In my opinion self-righteously looking down your nose at a region is bigotry. To anybody who looks down his or her nose at Alabama, I would point out they are looking down their noses at thousands of very good black Alabamians. Mobile is 50% black, and to look down your nose at Mobile is to deny the humanity, and worthwhile lives of many black people. Many very successful, very good people, black, white and brown, have deep roots in Alabama.

I repeat, if someone wants to criticize Alabama politics, past practices or other aspects of the state, I welcome those criticisms. I probably join them in most of their outcries. But if the entire state is rejected or someone, or people from the state is treated in a hateful or stereotypical way because they live or are from Alabama, then in my opinion bigotry has occurred. Sadly, in my opinion, the retreat leader who was bad mouthing Alabama for bigotry was engaging in bigotry.

International regional bigotry: Interestingly regional bigotry is not limited to America. I still have fun working with golfers on our university golf team. Our coach has recruited several excellent international players. My interest in regional bigotry has led me to ask each of them—does regional bigotry exist in your country?

The answer is always yes. Sometimes it is directional—for example– in Sweden the people of the North are often the butt of stereotypes. In several cases it is urban verses rural.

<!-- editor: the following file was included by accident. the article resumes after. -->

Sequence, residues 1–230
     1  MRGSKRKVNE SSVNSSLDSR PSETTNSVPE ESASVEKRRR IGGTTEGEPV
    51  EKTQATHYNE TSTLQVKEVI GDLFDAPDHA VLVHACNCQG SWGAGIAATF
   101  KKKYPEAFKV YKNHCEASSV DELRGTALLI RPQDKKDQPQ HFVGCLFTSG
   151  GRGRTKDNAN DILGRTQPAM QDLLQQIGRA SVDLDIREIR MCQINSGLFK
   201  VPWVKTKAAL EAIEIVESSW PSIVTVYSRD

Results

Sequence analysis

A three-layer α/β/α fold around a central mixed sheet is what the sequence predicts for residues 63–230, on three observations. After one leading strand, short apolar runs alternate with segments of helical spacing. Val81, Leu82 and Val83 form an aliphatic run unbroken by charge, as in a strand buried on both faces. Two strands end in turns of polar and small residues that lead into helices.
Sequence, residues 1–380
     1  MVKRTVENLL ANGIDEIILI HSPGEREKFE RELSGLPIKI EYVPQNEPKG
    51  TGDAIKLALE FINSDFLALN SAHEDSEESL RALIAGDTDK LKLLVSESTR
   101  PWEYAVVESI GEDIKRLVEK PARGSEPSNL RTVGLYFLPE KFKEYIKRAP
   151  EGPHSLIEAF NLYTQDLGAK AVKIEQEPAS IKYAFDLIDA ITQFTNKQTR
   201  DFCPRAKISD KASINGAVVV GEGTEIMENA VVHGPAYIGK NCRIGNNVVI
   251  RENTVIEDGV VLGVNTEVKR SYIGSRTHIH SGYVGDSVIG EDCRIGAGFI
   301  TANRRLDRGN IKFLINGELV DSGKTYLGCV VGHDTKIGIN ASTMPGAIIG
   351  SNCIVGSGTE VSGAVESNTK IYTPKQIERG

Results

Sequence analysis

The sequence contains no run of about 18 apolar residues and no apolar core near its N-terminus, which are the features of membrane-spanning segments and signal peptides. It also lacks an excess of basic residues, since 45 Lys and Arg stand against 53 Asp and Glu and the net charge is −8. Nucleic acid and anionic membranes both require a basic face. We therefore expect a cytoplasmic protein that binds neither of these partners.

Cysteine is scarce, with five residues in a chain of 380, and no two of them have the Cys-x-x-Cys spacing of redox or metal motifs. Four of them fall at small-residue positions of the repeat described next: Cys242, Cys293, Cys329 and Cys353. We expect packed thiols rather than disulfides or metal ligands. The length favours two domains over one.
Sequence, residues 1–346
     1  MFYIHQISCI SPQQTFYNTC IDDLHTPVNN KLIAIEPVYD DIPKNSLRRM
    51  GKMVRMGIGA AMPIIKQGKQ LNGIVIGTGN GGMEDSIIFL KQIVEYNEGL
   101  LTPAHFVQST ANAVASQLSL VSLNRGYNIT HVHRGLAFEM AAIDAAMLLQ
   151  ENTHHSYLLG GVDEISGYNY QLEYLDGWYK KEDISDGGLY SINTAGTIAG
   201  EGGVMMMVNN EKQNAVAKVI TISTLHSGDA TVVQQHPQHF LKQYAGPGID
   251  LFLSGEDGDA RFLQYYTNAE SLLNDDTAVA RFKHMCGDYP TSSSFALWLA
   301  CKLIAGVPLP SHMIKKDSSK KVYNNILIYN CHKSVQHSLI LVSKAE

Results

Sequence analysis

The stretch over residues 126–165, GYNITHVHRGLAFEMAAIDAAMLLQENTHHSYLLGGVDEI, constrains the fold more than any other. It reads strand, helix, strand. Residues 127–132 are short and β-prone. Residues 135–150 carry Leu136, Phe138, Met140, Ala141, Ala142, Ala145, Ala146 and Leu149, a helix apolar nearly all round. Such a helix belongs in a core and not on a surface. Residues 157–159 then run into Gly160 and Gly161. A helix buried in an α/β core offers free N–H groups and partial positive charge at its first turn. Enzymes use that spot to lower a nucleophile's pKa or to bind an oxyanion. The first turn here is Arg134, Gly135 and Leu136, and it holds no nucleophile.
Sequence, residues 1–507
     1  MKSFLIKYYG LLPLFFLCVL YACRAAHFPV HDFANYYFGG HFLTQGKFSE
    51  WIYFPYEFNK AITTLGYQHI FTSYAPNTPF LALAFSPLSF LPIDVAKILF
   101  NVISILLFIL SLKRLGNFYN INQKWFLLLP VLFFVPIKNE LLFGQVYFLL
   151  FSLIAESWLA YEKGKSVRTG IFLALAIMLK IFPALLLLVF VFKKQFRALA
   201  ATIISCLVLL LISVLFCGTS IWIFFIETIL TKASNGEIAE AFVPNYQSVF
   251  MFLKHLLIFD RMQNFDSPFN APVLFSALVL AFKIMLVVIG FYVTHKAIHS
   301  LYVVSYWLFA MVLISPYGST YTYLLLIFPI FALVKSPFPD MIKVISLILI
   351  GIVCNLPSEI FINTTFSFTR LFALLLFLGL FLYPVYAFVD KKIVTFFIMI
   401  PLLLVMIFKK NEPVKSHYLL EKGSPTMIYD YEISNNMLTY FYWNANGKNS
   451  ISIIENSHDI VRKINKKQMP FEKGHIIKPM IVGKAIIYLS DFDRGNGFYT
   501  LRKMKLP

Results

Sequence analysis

In America last week we saw a sad example of urban vs. rural bigotry.

Jackson Kenion, an instructor at the well-known bastion of liberal thought The University of California, Berkley, tweeted the following: “I unabashedly embrace the bashing of rural America. They, as a group, are bad people, who have made bad life decisions. Some, I assume are good people. But this nostalgia for some imagined pastoral way of life is stupid and we should shame people who aren’t pro-city. It should be uncomfortable to live in rural America.”

Wow—I hope everyone sees the obvious lack of tolerance, the disdain, the approval of shaming (bullying), in other words the bigotry in his opinion.

Our homes: Before we throw too many stones, I am going to be even more personal. Let’s consider a very small region – our immediate living situations; the houses, apartment, trailers in which we live. Is it possible the small region in which we reside could be a face of bigotry?

In my opinion, the answer is yes. If a living situation, a particular house, a particular zip code, or a particular neighborhood causes someone to look with disdain or intolerance at others, then in my opinion bigotry is occurring.

Please note—I am not saying we shouldn’t have nice houses or neighborhoods—I am saying if you think it makes you better than others–the self-righteousness should be obvious. If you have any doubt about housing having the potential for bigotry, just ask children living in a trailer park if they think others look down on them because of where they live.

I hope I have given enough examples for you to begin to think of bigotry in broader terms.

 Again, please remember, I am not attempting to diminish the importance of race or gender bias; I am trying to increase the awareness and importance of all forms of bigotry.

I know I said I would discuss how this broader vision of bigotry has helped me in my journey, but I also promised to keep these blogs brief—so my journey will have to wait until the next blog.

I will take next week off for Thanksgiving. I will return in December.

I hope everyone has a wonderful Thanksgiving—we have much for which to be thankful!

Until then,